1. Understood what cats generally prefer about litter boxes
  2. Maintained a suitable litter box environment for their cat(s)

Previous research has suggested cats generally prefer large boxes and clay clumping litters. It is interesting to note that when I have clients whose cats are avoiding the litter box, I often have them present their cat with a “cafeteria” of litter choices to see if their cat has a clear preference. Even when those buffets include ONLY unscented clay clumping litters of different brands, it’s easy to see that not all clumping litters are created equally…and that many cats have specific individual preferences.

But back to general preferences of cats. One thing that often surprises me when I go to a client’s home is how dirty their litter box is. It’s not unusual for folks to clean a box every other day or even less – even in homes with multiple cats and just one litter box. I personally find it gross, and I assume that cats would too. But do we REALLY know if a dirty litter box bothers cats?

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Yet here I am, packing my bags to head to DC for the conference of the American Association of Feline Practitioners. This year, one of the themes is feline behavior. That's right, 3 days of nothing but cat people and cat behavior!!! I'm really excited to hang with other cat peeps, including Kris Chandroo, Ingrid Johnson, Julie Hecht, Liz Bales, and Sarah Ellis (and I'm sure many more!). There will be plenty of talks from cat experts I'm excited to hear from!! I'll be tweeting from the conference, and hopefully a blog or two will happen in response!

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This will be a nice break from a semester of data cleaning, writing, teaching, grading, job applications, and consulting! I've been busy and it's really cramping my blog-style! ...continue reading

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Do you know what your cat does when she eats? You're probably giving me a little bit of a blank stare right now, like, she puts her face in the bowl and chews her food (or maybe like some cats, she doesn't chew it much at all…).

You throw your cat's food down and walk away so many times, but you might be missing some of the interesting behaviors that your cat is engaging in while she eats. Furthermore, a new study in the Veterinary Journal suggests that the behaviors that your cat engages in while she's eating might tell you just how much she likes the food.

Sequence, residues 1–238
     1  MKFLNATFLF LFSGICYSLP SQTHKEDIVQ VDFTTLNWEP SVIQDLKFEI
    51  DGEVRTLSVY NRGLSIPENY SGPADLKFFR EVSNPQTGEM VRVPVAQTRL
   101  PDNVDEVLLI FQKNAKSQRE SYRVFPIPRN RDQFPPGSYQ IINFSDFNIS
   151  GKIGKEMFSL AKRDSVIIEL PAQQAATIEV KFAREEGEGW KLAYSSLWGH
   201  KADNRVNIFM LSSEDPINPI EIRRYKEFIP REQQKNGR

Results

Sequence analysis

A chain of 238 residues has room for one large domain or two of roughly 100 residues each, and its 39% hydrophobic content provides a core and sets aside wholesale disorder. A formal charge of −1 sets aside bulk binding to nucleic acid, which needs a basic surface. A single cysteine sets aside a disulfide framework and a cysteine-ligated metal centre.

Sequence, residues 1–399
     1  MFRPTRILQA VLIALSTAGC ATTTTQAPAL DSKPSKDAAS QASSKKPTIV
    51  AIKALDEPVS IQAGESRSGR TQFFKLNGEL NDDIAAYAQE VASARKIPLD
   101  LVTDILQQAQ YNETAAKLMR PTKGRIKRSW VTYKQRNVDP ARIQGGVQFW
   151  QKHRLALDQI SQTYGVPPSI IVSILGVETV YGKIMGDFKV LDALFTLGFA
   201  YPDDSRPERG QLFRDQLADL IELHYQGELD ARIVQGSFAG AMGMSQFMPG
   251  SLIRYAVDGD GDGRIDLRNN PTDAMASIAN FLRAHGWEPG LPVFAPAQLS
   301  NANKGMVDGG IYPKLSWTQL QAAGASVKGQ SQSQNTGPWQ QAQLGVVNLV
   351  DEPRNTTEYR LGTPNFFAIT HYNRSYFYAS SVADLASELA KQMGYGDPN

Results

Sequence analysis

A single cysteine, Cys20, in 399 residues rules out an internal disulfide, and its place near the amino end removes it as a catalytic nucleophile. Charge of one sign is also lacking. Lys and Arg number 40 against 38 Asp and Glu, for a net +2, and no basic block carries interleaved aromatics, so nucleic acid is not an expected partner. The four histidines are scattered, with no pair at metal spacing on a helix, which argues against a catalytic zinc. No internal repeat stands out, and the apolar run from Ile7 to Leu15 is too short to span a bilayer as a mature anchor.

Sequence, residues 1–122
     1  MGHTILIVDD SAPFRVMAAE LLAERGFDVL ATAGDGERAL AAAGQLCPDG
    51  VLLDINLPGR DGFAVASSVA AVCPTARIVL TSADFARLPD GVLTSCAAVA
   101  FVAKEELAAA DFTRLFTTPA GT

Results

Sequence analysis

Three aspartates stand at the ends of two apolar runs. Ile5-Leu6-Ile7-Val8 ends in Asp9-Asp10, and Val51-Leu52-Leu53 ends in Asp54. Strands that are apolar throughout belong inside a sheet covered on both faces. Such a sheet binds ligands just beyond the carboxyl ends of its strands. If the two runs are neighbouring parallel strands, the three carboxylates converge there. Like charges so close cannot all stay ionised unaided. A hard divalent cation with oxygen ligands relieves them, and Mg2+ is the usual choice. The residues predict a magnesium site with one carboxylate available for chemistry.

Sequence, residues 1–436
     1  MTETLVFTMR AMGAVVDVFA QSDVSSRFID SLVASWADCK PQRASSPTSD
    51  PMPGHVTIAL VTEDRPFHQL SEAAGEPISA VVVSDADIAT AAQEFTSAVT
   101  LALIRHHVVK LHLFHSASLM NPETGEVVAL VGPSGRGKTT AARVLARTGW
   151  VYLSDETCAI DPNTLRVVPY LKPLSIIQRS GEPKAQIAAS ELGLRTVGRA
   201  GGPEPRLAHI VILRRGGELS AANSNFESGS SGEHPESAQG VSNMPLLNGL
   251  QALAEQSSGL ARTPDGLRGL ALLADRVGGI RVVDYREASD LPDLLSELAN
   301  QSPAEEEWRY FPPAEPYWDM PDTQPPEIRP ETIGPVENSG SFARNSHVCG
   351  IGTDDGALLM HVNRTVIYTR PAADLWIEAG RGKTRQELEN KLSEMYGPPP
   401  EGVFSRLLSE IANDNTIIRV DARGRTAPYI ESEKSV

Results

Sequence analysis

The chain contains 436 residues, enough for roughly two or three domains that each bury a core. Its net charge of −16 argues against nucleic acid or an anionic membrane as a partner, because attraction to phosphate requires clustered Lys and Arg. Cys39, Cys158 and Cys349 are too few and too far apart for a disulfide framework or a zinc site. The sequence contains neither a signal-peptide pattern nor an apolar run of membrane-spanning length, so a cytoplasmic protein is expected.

Before we get into this new study, let's review some of the things we already know about how cats eat. Cats are obligate carnivores, and their teeth are really designed for shearing meat into strips, which they then swallow mostly whole. Not a lot of chewing going on… have you ever seen a cat throw up after they eat some dry food? It looks pretty much the same as it looked going down…

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Note the head tilt while eating! Photo of Hank the Cat eating, by Robert W. Howington. https://www.flickr.com/photos/whitetrashtexas/4309808872

As obligate hunters, cats also engage in a few interesting behaviors while they are eating, such as placing some of their food on the ground or tilting their head to the side while they chew. This behavior is because if they were eating a bird or rat, the body would likely be dragging on the ground. The harder the food is to chew, the more you'll see a cat's head tilt. Cats also shake their heads when they pick up a food item or a small bite of food. Leyhausen attributed this behavior to the instinct to shake a bird that has been killed to loosen the feathers. Cool! Even your kibble fed kitty has instincts related to the cat's evolution as a predator.

The new study, A Novel Set of Behavioural Indicators for Measuring Perception of Food by Cats, took place in Finland. The goal was to categorize what types of behaviors cats presented when eating their favorite food, as well as a less favored type of food, and finally to test out whether or not cats would notice if there was a tiny pill hidden inside their favorite food. ...continue reading